Last year, my beloved son used all of the cheddar for cheese on beans on toast for lunch on Xmas Eve. The following day when I went to the fridge for ingredients, I returned empty handed. I love my boy but I’m aware of his short term relationship with anything that he finds in my kitchen. I have just received a number of juicy looking packets as gifts and unless I get them planted quickly, I’m likely to find that they have been anointed with the last of the cream, grilled and eaten.
This year’s Hippeastrum (amaryllis)
Hippeastrum (amaryllis) are usually sold in kit form with a tiny plastic pot without drainage holes and a few teaspoons of thin compost. First step is to drill into the base of the container, provided that the festivities to date haven’t left you with trembling hands and blurred eyesight. If you can’t see straight or are otherwise discomforted by too much food and drink, go and get one from the potting shed. Clean the vessel with washing up liquid, since bugs from outside may go ballistic in the warmth of your house. Fill with potting compost, mixed with a little bone meal. Don’t add too much fertiliser, as Sod’s Law says that the suspicious smell will outweigh the pleasure to be obtained from luscious but sadly unperfumed blossom.
Plant the bulb well down in the soil, with its neck and shoulders exposed. Firm it down gently and avoid damaging the roots. If you add a stake to support the bloom, you will avoid injuring essential growing parts later but your naked stick may look a little silly. If you insert the post once growth is underway, you risk spearing something important. The choice is yours. Water sparingly since too much moisture, especially when there are no leaves, will make the whole plant rot. Regularly feel the compost with your fingers, to check that it is not too dry or too wet. Put the pot inside a waterproof container and place it in a bright position such as a sunny windowsill but not near a radiator. Turn it occasionally, so that the foliage and stems don’t all lurch to one side. If you get it right, the plant will bloom in six to eight weeks after starting the whole procedure. Move it into a cooler location once the buds break and you will extend the performance. After flowering, keep it just moist and allow the leaves to wither and die back. Store the bulb in a cool, dry place and start the rigmarole again in late autumn.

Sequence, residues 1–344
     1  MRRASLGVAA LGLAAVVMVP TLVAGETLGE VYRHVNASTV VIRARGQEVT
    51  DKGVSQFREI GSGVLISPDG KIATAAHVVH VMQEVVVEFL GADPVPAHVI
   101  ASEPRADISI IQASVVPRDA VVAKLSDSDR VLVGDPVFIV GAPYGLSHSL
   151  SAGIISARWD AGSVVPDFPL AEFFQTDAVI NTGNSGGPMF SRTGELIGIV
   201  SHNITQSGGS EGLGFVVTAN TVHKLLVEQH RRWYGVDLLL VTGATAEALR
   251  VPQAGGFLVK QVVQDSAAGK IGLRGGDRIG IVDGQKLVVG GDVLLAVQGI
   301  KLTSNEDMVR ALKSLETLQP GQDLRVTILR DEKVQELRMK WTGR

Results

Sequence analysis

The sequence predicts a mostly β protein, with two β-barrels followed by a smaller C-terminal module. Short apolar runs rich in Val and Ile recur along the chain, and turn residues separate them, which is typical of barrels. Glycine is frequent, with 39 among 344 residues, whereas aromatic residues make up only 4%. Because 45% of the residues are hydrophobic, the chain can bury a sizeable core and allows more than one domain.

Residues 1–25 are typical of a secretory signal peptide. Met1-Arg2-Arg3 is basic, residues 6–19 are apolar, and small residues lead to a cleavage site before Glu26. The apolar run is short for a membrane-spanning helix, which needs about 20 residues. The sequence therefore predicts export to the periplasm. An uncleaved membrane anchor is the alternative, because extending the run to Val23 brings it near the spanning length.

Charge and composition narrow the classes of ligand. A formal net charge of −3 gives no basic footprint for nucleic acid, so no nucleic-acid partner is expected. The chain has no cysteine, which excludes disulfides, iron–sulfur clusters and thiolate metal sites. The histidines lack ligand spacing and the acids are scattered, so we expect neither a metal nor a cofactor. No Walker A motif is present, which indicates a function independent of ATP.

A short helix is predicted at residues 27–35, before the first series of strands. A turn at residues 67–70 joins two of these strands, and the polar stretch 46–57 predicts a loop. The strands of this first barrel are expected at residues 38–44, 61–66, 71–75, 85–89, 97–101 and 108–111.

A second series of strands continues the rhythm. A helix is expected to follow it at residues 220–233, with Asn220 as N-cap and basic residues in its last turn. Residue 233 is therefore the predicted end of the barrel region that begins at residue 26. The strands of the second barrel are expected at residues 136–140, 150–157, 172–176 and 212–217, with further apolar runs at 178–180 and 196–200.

Amaryllis was a nymph who gave her heart to Alteo, who didn’t return her affections. Another doomed love story, the flower represents pride, determination and radiant beauty. If you get a second season from it, you are entitled to all three. I apologise for the title of this piece and the implied reference to a nasty song devoid of lyrical or musical merit; I feel cheap, conceited and dirty.